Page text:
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Last month Johnny Mercer resigned as a defence minister in protest at the treatment of British veterans who served in Northern Ireland. Mr Mercer had then attended the trial in Belfast of two former soldiers accused of a murder during The Troubles.
Two former soldiers have walked free after their trial for the murder of an IRA man in 1972 collapsed.
Soldier A and Soldier C, both in their 70s, had denied murdering Joe McCann, 24, who was shot in controversial circumstances in the Markets area of Belfast in April 1972.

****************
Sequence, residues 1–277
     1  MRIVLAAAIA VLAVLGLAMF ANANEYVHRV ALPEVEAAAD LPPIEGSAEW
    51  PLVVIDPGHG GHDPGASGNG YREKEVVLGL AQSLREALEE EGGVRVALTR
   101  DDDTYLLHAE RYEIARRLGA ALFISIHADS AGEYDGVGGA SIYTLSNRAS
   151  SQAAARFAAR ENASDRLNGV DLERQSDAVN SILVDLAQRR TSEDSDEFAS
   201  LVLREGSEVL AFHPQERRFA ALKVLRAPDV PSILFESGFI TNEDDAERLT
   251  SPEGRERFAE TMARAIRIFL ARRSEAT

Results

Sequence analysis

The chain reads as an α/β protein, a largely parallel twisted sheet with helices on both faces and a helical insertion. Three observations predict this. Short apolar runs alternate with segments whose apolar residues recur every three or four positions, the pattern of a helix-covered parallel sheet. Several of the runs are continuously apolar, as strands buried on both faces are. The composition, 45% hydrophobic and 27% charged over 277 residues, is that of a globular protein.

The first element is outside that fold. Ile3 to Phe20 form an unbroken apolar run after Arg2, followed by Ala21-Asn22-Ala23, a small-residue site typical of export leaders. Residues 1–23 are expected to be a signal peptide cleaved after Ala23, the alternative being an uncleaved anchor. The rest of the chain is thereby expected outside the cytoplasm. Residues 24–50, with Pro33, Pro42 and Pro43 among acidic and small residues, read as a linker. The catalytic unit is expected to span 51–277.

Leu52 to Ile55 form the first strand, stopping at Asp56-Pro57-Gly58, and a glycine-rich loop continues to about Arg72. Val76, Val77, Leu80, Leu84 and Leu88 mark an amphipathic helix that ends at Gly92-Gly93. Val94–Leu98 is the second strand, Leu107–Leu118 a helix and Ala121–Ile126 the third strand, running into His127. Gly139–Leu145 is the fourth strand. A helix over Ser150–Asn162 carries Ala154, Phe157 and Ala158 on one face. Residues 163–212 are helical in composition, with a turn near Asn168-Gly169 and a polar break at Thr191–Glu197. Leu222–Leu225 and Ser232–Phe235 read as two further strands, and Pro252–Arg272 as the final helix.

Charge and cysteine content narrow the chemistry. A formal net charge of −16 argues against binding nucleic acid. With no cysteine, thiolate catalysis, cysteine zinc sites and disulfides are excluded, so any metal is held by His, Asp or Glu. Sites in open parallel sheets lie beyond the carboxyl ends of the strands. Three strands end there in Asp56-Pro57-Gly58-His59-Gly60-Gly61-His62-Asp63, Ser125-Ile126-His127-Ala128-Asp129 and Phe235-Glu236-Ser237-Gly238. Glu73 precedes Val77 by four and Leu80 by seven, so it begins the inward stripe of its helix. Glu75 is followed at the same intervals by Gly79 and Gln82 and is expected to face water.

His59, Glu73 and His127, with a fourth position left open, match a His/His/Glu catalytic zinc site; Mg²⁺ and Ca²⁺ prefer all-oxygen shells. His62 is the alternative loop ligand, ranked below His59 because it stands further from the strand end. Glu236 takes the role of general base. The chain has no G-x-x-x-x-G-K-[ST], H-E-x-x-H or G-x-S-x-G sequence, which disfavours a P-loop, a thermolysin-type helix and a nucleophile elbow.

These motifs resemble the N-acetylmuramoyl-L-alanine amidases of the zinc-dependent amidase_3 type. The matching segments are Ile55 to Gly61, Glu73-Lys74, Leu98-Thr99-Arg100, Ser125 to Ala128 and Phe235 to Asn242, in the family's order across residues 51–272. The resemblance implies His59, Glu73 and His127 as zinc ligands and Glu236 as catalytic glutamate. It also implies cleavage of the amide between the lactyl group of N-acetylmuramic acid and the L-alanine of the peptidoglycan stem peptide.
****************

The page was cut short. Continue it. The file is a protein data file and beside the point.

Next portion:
Johnny Mercer, a former British Army officer who quit as defence minister last month over the treatment of veterans who served in Northern Ireland welcomed the outcome.
McCann was a member of the Official IRA – from which the Provisional IRA broke away – and had been trying avoid being arrested when he was shot and killed.
The soldiers admitted firing shots but claimed it was in self-defence.
They were interviewed by the Police Service of Northern Ireland’s Historical Enquiries Team (HET) in 2010 and eventually prosecuted.
But last week a judge ruled the HET evidence was inadmissible and on Tuesday, 4 May, the Public Prosecution Service said it would not be appealing against his ruling.
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